Salesforce was one of the five tech companies that “won” 2015, argues Business Insider’s Matt Rosoff.
It had skyrocketing revenue, and is on track to hit $10 billion in some not to distant future, CEO Marc Benioff keeps say.
It started construction on a massive new skyscraper in San Francisco, opened new data centres around the world, is a worldwide icon of corporate giving and became a huge example of corporate activism. And it became a force in the Silicon Valley ecosystem, being the top investor in cloud-software startups.
But back in 2000, it was a one-year-old startup, spun out of a meeting that took place a few years earlier between Oracle CEO Larry Ellison, who was Marc Benioff’s boss at the time, and another key Oracle player, Evan Goldberg. Goldberg thought of the idea of software as a service, the story goes, and left to build a cloud financial app, NetSuite.
Benioff decided to do the same for sales tracking tools, known as customer relationship management (CRM). Like Goldberg, Benioff got Ellison’s blessing and some seed money. Ellison invested about $2 million of his own money to help found Salesforce. (In comparison, Ellison, through his venture companies, invested about $125 million into NetSuite and still owns 41% of the company, according SEC documents.)
Ellison also joined Salesforce’s board at the time. But things got rocky between Ellison and Benioff pretty fast. In an interview with Benioff from 2000 with the Mercury News, Benioff describes how he wound up kicking Ellison off his board.
First step: in 2000, Oracle launched a direct competitor to Salesforce. You probably never heard of it. It was named OracleSalesOnline.com, and to compete with Salesforce, Oracle let people use it for free. (Today, Oracle has a couple of cloud competitors to Salesforce’s bread-and-butter CRM app, Oracle CRM On Demand and Sales Cloud.)
So Ellison was competing with Benioff from the very start. The Mercury News asked Benioff about that.
Q: Because of Oracle’s history of both cooperating and competing with partners, is it fair to say that when you asked Ellison to be on your board, you had fair warning that he might have competing interests?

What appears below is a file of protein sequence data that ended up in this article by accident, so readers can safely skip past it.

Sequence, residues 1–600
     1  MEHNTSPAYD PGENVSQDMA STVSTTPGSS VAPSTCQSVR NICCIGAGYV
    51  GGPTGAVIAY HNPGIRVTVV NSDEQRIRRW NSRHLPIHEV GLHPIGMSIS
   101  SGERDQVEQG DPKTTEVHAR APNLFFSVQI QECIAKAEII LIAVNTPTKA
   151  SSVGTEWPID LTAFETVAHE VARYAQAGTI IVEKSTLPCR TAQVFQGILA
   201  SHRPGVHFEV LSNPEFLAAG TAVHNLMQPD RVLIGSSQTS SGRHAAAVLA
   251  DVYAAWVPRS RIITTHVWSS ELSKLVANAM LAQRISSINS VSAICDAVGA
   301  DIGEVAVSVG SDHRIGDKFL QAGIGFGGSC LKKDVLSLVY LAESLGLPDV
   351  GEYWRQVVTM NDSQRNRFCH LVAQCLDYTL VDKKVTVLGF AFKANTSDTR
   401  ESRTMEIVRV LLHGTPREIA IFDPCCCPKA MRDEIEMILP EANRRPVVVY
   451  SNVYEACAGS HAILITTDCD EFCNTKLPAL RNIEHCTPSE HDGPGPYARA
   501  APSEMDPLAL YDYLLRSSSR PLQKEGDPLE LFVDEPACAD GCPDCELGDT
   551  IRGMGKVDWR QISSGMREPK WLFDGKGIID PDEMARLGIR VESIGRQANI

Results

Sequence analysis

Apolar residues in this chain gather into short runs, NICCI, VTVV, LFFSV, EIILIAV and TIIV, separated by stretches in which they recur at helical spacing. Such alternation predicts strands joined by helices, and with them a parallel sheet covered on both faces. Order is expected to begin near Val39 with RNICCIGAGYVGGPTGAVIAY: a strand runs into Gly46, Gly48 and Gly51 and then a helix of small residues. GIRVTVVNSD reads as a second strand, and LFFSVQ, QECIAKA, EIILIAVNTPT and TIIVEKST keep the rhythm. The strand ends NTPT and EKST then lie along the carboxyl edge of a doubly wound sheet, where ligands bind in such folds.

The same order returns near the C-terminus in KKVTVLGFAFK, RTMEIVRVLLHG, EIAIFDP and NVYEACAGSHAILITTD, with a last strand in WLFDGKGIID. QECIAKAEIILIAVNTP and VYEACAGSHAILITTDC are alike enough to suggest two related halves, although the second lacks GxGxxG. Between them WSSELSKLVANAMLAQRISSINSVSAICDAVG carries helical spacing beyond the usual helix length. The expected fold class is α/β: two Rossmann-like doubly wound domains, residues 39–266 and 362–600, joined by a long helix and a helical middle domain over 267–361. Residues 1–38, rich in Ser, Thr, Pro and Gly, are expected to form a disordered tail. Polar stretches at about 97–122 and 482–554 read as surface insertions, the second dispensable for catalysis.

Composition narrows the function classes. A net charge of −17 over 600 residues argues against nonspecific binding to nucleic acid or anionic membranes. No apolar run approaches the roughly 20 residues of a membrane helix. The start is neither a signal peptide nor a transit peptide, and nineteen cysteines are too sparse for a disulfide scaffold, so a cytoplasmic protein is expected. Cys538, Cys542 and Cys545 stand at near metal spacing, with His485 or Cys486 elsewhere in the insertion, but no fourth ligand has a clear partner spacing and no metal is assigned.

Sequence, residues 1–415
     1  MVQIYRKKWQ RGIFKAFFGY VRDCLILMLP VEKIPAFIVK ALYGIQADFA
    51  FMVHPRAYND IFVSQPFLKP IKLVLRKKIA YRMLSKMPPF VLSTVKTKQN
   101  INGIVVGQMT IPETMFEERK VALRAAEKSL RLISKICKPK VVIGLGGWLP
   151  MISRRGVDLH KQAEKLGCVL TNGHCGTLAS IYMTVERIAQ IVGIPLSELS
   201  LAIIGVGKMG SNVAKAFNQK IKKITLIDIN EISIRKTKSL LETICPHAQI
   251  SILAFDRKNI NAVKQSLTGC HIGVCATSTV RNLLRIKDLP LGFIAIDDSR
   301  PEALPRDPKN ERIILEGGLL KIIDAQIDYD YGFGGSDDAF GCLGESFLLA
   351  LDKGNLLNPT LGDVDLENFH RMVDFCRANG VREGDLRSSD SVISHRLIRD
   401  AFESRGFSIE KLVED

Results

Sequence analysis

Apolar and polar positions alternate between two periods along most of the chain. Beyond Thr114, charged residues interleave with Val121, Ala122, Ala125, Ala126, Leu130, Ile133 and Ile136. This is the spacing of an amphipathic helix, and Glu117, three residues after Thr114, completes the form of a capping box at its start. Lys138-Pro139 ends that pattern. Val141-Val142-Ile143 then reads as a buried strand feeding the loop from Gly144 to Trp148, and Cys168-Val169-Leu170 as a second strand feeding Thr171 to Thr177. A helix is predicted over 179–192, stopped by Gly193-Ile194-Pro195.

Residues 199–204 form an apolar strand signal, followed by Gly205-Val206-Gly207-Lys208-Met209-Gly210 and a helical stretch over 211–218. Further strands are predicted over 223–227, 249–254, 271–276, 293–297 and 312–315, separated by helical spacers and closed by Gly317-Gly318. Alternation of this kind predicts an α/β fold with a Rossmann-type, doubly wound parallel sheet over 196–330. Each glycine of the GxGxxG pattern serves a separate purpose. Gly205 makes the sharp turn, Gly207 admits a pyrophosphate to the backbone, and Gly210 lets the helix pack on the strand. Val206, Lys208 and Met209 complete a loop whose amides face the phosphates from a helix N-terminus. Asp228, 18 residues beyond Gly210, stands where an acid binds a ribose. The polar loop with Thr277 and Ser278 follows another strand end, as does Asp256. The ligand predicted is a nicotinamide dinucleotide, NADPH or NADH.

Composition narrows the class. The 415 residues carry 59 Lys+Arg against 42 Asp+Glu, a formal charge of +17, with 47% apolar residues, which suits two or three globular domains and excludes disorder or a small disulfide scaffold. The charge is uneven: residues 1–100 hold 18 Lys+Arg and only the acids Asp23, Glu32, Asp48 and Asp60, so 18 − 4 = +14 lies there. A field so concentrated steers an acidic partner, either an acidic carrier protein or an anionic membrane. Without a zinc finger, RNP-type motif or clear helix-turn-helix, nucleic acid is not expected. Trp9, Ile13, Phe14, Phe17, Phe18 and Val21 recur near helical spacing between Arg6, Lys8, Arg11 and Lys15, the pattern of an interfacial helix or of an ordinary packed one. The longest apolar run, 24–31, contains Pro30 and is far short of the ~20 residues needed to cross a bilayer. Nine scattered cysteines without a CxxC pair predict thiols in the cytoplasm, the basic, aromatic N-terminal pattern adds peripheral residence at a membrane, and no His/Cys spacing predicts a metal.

Benioff: What Larry had always told us was his solution was going to be only for large businesses. So when we saw what Larry was doing, we had to say, “OK, well, Larry, why are you doing this?”
And he’s, like, “Look, this is the future. I have to defend my market.”
And I said that I respect that. I said, “I’d like you to resign from the board.”
And he goes, “Well, it would be much cooler if you just threw me off the board.”
I pretty much worked for Larry directly my entire career at Oracle. He taught me a lot. So I have a lot of respect for him. But if I was in his position, I would be trying to compete with us, too, because we are doing really well.
Still, Benioff has always had respectful things to say about Ellison as a person. In that same interview in 2000, he likened Ellison to the Dalai Lama:
Benioff: He’s very entertaining and he’s smart. He’s like a lot of the people here (pointing to pictures of himself with world political and religious leaders).
I’d put Larry Ellison and the Dalai Lama and Colin Powell in the same category. And I’m probably the only person in the world who does. But they’re all three leaders, and they are all trying to do something unique.
Meanwhile, Ellison continually says these days that Salesforce has become one of Oracle’s biggest competitors.
So for the record, Oracle has viewed Salesforce as a competitor almost from the get-go, just a short time after Ellison cut the check to help fund it.
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